Wednesday, June 14, 2006

I Feel Better Now

There's an interview here with Gyorgy Faludy, the Hungarian poet, who is 96 and looks spookily like a guy who used to live across the road from me in Stoneybatter (except that guy was probably 46...that's what having your own snug in Walshes will do to you). He believes, basically, that literature is doomed; that reading and dialogue are in decline and that what's approaching is a crisis in literature to rival the one which occurred in 350 AD, under Constantine the Great, when "people stopped reading." Well, that's a bit dramatic, I think. It's the material people read, and the way they read, which is undeniably changing, but I do believe that there will always be readers of good literature. Even if that literature is on a screen rather than in book form; Sinead wrote about this today, and like her, I don't think I could ever read a novel in electronic format. The experience of being with the book is part of the experience of reading it.

But this wasn't the passage in the Faludy interview which first caught my eye. No, as I survey the mass of looming and unmet deadlines stretching before me, it was his answer to a question about how he chooses which books to read that gave me hope. I'm more than a month behind on one of my longer pieces, an essay for an academic publication here. Every morning I wake up in dread of seeing the "Forget about it, you unreliable pup" e-mail from the editor in my inbox. But tomorrow, if I get that e-mail, I'm just going to refer her to the wisdom of Gyorgy Faludy:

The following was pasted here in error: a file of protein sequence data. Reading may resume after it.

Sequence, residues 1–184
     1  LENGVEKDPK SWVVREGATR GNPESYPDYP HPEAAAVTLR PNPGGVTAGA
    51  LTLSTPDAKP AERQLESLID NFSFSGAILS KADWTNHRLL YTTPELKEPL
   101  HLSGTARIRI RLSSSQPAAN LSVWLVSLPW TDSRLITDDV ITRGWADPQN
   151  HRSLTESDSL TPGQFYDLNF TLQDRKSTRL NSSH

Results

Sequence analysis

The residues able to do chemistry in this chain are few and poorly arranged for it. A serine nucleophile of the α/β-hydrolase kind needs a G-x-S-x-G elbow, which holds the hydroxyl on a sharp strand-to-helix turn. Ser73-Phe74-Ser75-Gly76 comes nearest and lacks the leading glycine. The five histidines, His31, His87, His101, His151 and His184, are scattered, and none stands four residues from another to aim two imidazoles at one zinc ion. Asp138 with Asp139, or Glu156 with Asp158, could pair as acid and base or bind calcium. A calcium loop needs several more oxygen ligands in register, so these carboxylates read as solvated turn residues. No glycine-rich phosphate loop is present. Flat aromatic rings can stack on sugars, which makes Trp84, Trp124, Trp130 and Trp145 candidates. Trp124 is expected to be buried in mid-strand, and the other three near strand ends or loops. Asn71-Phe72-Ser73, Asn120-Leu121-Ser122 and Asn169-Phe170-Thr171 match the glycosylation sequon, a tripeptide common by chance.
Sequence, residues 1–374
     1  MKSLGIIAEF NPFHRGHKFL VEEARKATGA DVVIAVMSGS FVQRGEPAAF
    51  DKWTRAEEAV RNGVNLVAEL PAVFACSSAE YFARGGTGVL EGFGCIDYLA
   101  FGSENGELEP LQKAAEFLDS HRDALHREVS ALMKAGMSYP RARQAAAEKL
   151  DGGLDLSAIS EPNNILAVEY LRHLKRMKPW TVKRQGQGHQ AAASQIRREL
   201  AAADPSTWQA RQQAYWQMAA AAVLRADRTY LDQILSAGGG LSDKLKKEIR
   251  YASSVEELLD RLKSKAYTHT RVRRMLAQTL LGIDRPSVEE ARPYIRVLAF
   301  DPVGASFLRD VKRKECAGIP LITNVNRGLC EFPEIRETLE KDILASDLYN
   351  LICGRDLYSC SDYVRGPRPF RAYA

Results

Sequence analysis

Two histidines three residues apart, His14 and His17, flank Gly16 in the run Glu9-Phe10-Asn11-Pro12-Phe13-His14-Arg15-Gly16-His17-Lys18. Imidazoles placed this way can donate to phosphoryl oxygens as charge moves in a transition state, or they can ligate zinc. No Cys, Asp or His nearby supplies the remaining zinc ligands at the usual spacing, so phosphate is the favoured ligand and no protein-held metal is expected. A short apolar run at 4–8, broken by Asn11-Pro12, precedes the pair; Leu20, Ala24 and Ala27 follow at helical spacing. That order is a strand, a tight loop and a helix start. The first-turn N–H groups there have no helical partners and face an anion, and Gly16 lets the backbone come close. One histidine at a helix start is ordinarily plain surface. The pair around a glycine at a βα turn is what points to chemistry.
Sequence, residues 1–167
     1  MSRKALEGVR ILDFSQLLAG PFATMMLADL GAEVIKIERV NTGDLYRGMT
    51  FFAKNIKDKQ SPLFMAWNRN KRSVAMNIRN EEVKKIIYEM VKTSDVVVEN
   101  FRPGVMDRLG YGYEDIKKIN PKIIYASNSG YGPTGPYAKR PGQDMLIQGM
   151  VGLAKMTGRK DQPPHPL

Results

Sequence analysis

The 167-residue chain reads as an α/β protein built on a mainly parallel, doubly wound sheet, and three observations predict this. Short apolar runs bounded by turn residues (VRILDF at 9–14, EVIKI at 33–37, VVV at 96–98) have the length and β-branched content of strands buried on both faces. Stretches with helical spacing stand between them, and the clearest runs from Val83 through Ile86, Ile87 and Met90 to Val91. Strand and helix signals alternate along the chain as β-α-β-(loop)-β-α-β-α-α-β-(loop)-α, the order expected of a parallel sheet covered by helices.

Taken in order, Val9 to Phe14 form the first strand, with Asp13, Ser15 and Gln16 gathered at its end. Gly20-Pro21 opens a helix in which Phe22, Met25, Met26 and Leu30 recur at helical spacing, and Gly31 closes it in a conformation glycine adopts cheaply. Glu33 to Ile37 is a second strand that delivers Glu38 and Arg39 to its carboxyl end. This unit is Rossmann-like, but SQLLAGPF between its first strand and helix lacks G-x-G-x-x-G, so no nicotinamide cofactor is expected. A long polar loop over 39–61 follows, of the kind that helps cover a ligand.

After the success of Villon, in March 1938, I offered some of my poetry translations to the publishers Uj Idok. They offered me a contract to translate the 1000 most beautiful poems in world literature. When the publisher's head, Miss Andrassy, who looked rather like a woman from an Italian renaissance painting, asked me when I'd have it ready, I asked for four years. "I have a lot of reading to do: I'll submit the manuscript after the World War," I said. She replied: "After the World War? It's already been." She couldn't believe there'd be another. In the end, we agreed on a deadline of 1942. I finally completed the first version of the anthology in spring 1988. It's now being reissued, with another 500 poems. I don't regret chasing down great poems all my life. I learned something that few people know: that Japanese, Chinese, Persian and Arab poetry has just as much value as European poetry.

Six weeks over? Call that late? Why, it's positively premature!!
(If you're reading this, by the way, Ms. Editor, I am nearly finished. Nearly. Honestly. Faludy.)

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